Yes I agree with Jousef. Checking your numerics, you have adjusted it to give the simulation the best chance of converging so the error isn’t there nor in the mesh. What Jousef mentioned is quite spot on where your boundary conditions may be incorrect. What you’ve assigned now makes sense in theory because we are trying to represent the environment as “free air”. However, from my guesses, the way you’ve assigned it will cause the simulation to “force” a solution since your outlet is defined as a velocity outlet. On top of this, having the sides as an inlet-outlet as well will cause some of the numerical solution to exit the domain by the sides due to the turbulence effects present in the simulation and coupled with this “forcing” of the solution, your simulation is bound to hit some sort of continuity error at worse and at best, divergence.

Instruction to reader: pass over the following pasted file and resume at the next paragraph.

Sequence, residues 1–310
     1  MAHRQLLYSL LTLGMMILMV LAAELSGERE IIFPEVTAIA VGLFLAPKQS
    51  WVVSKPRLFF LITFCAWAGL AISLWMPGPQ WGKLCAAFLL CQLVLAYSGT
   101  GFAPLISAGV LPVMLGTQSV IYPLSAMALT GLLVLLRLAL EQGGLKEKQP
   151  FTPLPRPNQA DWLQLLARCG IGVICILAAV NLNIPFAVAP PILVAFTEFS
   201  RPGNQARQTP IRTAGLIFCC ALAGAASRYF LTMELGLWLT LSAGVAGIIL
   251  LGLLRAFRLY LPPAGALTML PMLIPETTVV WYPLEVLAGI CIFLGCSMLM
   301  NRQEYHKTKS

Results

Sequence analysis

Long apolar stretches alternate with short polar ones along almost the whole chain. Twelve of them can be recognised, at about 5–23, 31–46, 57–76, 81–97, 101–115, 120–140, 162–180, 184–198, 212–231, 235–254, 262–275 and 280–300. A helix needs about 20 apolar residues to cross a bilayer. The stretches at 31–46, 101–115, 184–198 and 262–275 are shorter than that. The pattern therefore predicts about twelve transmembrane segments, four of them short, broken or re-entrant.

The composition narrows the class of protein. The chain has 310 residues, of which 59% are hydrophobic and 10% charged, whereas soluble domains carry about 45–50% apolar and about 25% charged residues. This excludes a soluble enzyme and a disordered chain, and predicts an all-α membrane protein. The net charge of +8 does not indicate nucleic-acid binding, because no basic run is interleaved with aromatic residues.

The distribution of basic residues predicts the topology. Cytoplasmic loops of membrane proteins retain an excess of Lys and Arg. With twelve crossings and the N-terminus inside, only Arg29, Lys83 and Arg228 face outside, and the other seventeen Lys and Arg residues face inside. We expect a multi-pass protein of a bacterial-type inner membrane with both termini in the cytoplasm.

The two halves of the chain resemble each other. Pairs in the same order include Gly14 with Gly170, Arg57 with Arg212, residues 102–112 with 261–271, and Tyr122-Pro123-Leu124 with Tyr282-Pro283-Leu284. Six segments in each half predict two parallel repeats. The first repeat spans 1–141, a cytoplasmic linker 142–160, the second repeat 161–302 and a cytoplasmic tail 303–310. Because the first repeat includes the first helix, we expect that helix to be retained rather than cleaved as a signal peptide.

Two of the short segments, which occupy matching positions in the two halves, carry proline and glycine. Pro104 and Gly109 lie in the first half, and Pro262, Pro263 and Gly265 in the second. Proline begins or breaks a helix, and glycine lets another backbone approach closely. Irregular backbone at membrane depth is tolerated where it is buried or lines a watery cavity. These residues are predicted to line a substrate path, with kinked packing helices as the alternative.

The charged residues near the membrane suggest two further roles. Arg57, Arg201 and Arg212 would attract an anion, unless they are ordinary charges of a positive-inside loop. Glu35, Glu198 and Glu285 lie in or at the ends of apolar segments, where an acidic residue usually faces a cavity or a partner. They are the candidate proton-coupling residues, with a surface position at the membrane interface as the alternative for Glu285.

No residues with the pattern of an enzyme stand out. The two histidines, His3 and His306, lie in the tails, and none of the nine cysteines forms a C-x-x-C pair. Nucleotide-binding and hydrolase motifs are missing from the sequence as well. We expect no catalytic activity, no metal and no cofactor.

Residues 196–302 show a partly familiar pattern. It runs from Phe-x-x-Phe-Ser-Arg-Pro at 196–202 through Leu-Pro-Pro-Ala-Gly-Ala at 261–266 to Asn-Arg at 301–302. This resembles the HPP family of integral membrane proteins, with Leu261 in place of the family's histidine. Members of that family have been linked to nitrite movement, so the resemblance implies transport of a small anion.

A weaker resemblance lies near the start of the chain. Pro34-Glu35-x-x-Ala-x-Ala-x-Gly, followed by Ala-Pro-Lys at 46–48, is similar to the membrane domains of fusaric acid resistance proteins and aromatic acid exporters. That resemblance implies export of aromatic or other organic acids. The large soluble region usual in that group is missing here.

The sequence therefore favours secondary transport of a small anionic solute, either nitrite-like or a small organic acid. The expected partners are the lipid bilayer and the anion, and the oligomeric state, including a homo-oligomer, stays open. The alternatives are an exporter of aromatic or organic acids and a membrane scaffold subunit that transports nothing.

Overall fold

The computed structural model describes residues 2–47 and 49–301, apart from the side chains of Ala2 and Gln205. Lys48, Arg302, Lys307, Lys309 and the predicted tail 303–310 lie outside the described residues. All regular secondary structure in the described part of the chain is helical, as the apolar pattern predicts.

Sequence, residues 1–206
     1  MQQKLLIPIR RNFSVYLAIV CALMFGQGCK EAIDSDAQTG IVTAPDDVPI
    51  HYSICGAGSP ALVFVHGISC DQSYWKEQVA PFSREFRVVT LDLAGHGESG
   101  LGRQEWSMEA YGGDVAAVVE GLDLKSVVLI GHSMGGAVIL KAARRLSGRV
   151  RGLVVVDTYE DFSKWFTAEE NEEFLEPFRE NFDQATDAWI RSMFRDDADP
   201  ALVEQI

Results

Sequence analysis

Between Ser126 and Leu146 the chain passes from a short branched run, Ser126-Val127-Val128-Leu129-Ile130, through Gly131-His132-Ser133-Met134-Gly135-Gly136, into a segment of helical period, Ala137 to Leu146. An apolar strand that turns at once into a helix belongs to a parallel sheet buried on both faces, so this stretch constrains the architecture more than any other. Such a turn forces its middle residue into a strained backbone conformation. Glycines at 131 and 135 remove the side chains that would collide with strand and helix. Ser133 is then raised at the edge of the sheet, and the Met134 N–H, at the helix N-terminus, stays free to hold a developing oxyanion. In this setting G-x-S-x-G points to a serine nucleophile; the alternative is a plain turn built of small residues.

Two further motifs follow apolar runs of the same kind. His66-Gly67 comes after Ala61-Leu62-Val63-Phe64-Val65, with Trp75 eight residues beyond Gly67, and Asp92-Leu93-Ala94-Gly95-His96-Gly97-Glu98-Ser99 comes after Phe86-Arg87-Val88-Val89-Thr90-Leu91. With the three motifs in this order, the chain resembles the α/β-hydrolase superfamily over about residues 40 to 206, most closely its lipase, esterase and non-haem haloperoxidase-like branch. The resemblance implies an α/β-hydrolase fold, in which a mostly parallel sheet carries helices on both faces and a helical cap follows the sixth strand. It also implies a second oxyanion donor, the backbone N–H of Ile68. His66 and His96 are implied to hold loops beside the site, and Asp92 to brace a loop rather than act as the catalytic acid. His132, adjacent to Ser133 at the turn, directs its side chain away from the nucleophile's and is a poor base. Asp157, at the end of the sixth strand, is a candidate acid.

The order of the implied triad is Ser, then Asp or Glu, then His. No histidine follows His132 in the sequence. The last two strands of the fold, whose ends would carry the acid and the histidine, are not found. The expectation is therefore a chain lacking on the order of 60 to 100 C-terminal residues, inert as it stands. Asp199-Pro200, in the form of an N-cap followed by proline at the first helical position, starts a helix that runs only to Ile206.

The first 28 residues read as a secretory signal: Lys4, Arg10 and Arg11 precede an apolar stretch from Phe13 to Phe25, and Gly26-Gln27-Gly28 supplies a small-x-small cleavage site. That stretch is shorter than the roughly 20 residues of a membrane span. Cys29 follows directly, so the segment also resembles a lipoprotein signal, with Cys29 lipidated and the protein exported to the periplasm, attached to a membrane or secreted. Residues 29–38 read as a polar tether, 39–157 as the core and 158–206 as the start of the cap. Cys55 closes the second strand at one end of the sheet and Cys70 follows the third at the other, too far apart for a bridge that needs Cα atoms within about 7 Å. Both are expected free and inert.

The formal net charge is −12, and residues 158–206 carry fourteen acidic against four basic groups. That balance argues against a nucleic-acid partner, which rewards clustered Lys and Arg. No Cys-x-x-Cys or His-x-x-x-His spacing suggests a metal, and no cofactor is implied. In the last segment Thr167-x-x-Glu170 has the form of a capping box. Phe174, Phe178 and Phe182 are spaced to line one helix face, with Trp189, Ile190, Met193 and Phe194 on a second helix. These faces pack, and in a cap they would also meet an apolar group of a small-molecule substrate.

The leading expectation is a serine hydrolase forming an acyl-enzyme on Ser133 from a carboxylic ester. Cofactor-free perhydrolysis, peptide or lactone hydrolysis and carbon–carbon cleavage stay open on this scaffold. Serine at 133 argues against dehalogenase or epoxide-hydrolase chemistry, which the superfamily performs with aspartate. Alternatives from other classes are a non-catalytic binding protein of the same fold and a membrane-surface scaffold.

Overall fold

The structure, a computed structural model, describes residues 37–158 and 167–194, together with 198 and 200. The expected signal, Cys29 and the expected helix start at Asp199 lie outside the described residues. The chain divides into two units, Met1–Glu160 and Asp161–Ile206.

It is clear from your first simulation that that the solution is already unstable and diverging as you can see from not only the convergence plots but also the force plots. In the second simulation with the rotating wheel, the two issues I’ve mentioned earlier are even more prevalent, exacerbated by increased turbulence due to the rotating wheels, hence the very absurd (and diverging) values you have witnessed.
Adjusting the side walls to slip, having a velocity inlet defined while the outlet is a gauge pressure zero outlet will likely resolve your issue. If you have concerns or do see the side walls interacting with the results, then you can increase the size of the bounding box both laterally and vertically to negate these effects. I also recommend increasing the simulation end time to 2000s or more and to check the force plots to see if steady-state convergence is obtained where the final force values do not fluctuate anymore.
Hope this helps.